Much of today’s text typeface design is still heavily influenced by the revivalist movement of the early 20th century and the clichés it established. Tapered stems, bracketed serifs, and softened corners have been part of the folklore of “invisible” book typography for a long time, and they won’t go away anytime soon. But the balance is shifting. More and more type designers are taking their cues from precedents that are less conventional.
Alternatives to the historicizing approach were proposed as early as the 1910s and 1920s. W.A.Dwiggins argued that the age of electricity deserved something more dynamic than the ubiquitous imitations of 16th- and 17th-century faces, and came up with the M Formula (“M” stands for “marionettes”). Just like in the design of puppets’ faces, Dwiggins exaggerated the features of his typefaces by creating angular shapes and abrupt transitions rather than soft curves, thereby enhancing clarity and expressiveness.
Around the same time, Czech type designers were also exploring expressive alternatives to the rather tame book faces that dominated book design. Vojtech Preissig cut alphabets into linoleum, resulting in his idiosyncratic text face Preissig Antiqua (1925); Oldřich Menhart drew soulful oldstyle faces that were historically informed but were angular, energetic, and unorthodox in their detailing.
Daniel Sabino’s spirited text family Karol references pre-1940 Czech influences, but in its striking details also shows affinity with contemporary Dwiggins-inspired faces such as Sibylle Hagmann’s Odile or Cyrus Highsmith’s Prensa.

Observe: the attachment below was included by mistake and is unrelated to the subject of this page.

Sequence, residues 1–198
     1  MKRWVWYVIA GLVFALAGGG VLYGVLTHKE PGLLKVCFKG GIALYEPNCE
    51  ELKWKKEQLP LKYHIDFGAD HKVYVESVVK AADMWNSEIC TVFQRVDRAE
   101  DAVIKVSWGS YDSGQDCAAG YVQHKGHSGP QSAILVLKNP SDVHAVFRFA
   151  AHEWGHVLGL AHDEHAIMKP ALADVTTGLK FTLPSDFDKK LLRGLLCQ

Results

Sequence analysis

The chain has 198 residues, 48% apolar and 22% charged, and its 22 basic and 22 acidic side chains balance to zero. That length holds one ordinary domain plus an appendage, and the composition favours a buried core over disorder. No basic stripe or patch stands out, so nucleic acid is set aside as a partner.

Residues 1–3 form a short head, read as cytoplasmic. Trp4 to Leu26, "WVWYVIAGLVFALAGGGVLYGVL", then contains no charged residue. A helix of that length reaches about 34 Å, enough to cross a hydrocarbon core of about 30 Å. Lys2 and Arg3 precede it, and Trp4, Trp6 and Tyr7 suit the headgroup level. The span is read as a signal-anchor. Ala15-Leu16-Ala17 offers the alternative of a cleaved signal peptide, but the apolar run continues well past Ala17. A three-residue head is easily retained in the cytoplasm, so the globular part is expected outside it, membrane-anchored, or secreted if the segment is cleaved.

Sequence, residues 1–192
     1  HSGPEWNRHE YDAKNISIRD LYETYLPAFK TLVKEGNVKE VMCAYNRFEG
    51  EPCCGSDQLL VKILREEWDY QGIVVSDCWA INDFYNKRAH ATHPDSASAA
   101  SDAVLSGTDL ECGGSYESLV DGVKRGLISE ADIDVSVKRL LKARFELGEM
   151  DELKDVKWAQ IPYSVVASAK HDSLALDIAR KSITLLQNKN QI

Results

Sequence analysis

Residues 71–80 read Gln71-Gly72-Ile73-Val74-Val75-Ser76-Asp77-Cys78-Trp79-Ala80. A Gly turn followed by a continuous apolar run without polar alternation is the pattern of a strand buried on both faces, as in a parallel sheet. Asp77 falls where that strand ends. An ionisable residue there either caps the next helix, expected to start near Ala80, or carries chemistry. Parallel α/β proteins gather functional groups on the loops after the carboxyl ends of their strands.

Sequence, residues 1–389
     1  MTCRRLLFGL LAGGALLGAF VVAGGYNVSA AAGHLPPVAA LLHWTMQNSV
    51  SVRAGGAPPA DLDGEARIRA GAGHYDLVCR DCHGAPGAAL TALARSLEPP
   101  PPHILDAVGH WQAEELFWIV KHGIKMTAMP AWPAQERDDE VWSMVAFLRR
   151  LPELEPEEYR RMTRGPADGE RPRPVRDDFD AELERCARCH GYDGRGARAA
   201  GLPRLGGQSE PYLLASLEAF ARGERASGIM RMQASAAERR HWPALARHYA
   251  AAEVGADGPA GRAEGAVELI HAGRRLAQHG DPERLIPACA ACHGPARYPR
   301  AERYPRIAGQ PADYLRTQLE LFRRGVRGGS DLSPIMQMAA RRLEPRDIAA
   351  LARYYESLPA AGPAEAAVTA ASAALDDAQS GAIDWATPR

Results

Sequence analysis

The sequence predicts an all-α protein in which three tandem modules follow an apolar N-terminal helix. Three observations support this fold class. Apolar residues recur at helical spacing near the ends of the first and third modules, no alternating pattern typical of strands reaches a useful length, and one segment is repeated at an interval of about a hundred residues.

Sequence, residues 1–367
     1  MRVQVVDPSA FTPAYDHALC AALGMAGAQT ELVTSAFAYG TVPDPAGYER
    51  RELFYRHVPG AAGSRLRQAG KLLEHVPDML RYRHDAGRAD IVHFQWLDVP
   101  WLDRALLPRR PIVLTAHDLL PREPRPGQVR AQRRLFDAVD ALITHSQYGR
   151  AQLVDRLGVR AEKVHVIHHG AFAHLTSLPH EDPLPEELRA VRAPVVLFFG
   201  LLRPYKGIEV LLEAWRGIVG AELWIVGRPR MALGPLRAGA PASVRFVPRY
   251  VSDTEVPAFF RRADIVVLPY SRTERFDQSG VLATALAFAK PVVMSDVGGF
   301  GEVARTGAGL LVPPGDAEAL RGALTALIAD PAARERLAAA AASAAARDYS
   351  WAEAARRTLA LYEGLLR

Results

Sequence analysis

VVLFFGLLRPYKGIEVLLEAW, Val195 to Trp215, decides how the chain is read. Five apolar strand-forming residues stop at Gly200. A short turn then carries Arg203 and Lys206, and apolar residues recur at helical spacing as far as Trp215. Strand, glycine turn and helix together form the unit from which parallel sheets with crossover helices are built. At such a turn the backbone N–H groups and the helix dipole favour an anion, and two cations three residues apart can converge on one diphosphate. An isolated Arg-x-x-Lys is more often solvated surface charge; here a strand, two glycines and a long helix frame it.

The gorgeous detailing makes this family an excellent option for display work on posters or book covers, and (used large) on screens; I especially like the dynamic Italics and powerful Blacks for this purpose. But it’s in text sizes that Sabino’s craftsmanship really shows. Depending on whether the user prefers a lighter or dark texture, both the Regular and Semibold work well for body text. In spite of the expressive contrasts and angles, there is nothing restive or busy about the overall text image: it is even in color, conventional in its proportions, and very readable. Both the small caps and various styles of numerals are beautifully drawn and help the face perform well in small sizes (where I would definitely recommend using the Semibold). The fractions work impeccably.
So all in all, there’s enough conventional wisdom in Karol to make it a comfortable choice for traditional book typography; observed more in detail and in larger sizes, it has a lot more personality than your average “invisible” text face.